What really brought the Xbox 360 to the playing field though, was the addition of Kinect. In terms of innovative gameplay, it was a much better add on than Playstation Move, which only really made PS3 games similar to Wii games: you still had to hold a controller, regardless of whether it was the controller sending info back to the sensor or the sensor determining where the controller was, it was pretty much the same, and felt entirely like an add on. The Kinect sensor, using you as the controller, means games must be developed purely to use it. From a developer standpoint, that makes much more sense to gameplay and marketing.
I found its sensor recognition to be a bit slow and not very precise though. It was also rather annoying in regards to someone else taking over, as it stops responding if it isn’t the same person, and oddly enough doesn’t automatically pause the game. Sometimes we just want to pass the controller to someone else. It did, however, get me up and active, even building up a bit of a sweat, and is a fun way to play games, without the ability to “cheat” like on the Wii (e.g. shaking the controller instead of actually running on the spot). It is far from perfect, but there is plenty of potential there. As for the speech recognition to navigate menus and videos, it interfered more than helped. I would be more than fine without it.
Enough about the console features, and on to the design: I was never a big Star Wars fan when I was younger. It was actually my husband who was the fan. But even though I didn’t care about the movies enough to care who shot first (don’t worry, I know Han Solo doesn’t take shit from anybody), I always liked R2. His sounds were just cute…. I kind of have a thing for WALL.E too, lol. Obviously, I have since become a bit of a Star Wars universe fan (most apparent in my love of The Old Republic). As soon as I heard there was going to be a Star Wars themed Xbox 360 console design based on R2-D2 and C-3PO, with R2-D2 sound bites, it was hard to say no. I am a sucker for collector’s this and limited edition that… Since I didn’t already own an Xbox 360, it wouldn’t be a waste if I purchased it, and my husband won me over with the logic of needing a console hat trick if I am going to be serious about game reviews.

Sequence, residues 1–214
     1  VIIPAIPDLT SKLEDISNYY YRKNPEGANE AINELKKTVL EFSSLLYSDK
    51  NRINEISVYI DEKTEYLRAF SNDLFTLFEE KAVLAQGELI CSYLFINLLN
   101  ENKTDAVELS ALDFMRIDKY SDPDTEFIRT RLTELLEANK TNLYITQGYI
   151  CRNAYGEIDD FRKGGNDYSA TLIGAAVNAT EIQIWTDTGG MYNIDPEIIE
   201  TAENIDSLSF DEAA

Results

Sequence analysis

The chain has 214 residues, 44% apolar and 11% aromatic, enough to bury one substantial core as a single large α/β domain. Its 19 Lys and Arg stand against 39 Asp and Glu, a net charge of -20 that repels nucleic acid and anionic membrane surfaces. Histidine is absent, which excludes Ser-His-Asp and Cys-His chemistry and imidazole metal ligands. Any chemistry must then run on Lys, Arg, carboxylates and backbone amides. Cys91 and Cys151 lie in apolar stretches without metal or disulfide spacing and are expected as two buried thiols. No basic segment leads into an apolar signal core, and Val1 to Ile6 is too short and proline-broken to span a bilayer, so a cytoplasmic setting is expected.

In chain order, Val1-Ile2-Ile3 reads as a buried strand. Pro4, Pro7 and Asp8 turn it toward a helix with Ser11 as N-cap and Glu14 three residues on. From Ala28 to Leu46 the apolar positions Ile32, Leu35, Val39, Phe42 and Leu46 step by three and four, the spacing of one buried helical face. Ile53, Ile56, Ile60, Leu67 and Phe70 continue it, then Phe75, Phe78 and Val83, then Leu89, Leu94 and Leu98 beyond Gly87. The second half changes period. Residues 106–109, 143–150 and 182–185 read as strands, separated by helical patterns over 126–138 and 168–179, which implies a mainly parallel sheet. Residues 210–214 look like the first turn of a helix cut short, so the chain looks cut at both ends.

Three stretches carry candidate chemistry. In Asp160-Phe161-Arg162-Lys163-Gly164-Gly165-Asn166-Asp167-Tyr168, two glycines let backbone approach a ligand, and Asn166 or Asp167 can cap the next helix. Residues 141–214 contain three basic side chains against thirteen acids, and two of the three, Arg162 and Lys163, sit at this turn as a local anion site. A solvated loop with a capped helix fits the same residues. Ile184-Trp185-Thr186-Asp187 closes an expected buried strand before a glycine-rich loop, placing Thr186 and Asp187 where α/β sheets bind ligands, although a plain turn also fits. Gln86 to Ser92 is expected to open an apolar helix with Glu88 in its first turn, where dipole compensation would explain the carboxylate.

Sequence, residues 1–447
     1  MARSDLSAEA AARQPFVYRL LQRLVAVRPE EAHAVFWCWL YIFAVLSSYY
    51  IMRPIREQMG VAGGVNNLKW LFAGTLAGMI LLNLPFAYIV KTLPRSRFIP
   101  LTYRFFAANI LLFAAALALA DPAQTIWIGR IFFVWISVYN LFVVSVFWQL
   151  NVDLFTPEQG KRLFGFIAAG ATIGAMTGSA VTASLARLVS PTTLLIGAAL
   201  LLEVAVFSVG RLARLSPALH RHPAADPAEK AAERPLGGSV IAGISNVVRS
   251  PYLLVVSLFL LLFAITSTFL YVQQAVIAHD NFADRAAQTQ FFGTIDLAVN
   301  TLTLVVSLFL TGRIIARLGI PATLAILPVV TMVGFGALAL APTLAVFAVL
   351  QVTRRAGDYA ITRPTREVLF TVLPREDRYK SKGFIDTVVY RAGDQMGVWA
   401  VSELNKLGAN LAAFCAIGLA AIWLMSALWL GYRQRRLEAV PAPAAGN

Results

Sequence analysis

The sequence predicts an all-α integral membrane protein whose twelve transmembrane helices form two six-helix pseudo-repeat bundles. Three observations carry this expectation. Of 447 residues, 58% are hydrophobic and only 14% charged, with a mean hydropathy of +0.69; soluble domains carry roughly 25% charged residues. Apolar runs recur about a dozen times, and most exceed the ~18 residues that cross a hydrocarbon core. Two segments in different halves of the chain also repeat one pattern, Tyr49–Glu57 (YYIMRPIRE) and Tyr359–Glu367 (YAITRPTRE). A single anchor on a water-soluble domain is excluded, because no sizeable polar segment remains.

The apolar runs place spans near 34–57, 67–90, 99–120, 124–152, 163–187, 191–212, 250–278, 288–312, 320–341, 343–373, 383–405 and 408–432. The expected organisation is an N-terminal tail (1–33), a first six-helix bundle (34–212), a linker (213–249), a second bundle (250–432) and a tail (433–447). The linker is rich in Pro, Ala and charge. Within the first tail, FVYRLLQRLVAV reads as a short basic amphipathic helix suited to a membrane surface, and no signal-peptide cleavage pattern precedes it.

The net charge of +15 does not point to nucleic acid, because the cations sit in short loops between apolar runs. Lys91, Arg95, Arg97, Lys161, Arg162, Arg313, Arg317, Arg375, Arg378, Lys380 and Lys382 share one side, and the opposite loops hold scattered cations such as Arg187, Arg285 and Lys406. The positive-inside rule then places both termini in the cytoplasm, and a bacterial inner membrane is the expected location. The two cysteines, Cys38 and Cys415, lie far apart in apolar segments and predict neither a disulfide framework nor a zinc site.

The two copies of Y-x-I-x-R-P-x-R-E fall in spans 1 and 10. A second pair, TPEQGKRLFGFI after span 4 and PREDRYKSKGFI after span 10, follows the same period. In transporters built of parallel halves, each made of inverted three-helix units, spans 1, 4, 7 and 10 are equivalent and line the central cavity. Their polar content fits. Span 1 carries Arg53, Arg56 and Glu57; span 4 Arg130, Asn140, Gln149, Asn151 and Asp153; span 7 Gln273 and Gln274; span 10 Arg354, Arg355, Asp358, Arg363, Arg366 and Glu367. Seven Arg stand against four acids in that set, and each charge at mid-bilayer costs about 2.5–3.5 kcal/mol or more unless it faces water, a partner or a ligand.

All I can say in regards to the theme design is: you have to be a fan to appreciate it. It is only aesthetic, apart from the audio, and doesn’t affect gameplay at all. I, personally, love it and think it is awesome. The only new feature that isn’t Star Wars related is the inclusion of the first custom white Kinect sensor bar (but I’m sure there’ll be others if you are not a fan of Star Wars), and it has the largest hard drive available on Xbox 360: 350GB. The bundle also comes with two games: Kinect Star Wars and Kinect Adventures (both reviewed separately) and some DLC (C-3PO as a playable character in the dance aspect of Kinect Star Wars), as well as an Xbox 360 Wired Headset (which I was willing to throw away due to having better quality headsets already). I’ll let you decide whether you consider it worth it or not. I don’t think it is worth buying for everyone.
The Xbox 360 now sits happily next to my TV, alongside my Wii and opposite my PS3. Each of them has their purpose: the PS3 is our primary gaming console and is also used for watching DVDs, BluRays and TV (I absolutely love PlayTV); the Wii is a purely gaming console, mostly party games and Mario games (yeah, my nostalgia is showing a little); and the Xbox 360 will be used for Kinect gaming and streaming, especially watching files (converted from our personal disc collection of course) from the computer, and possibly a little Foxtel every now and then. Now an owner of all three main gaming consoles, I can see how harmoniously they can fit into one household. I’m just happy they finally got it right.
Hi guys. Also, don’t forget you can pick one up from Gametraders Blacktown. But hurry, they have limited stock, so call up in advance.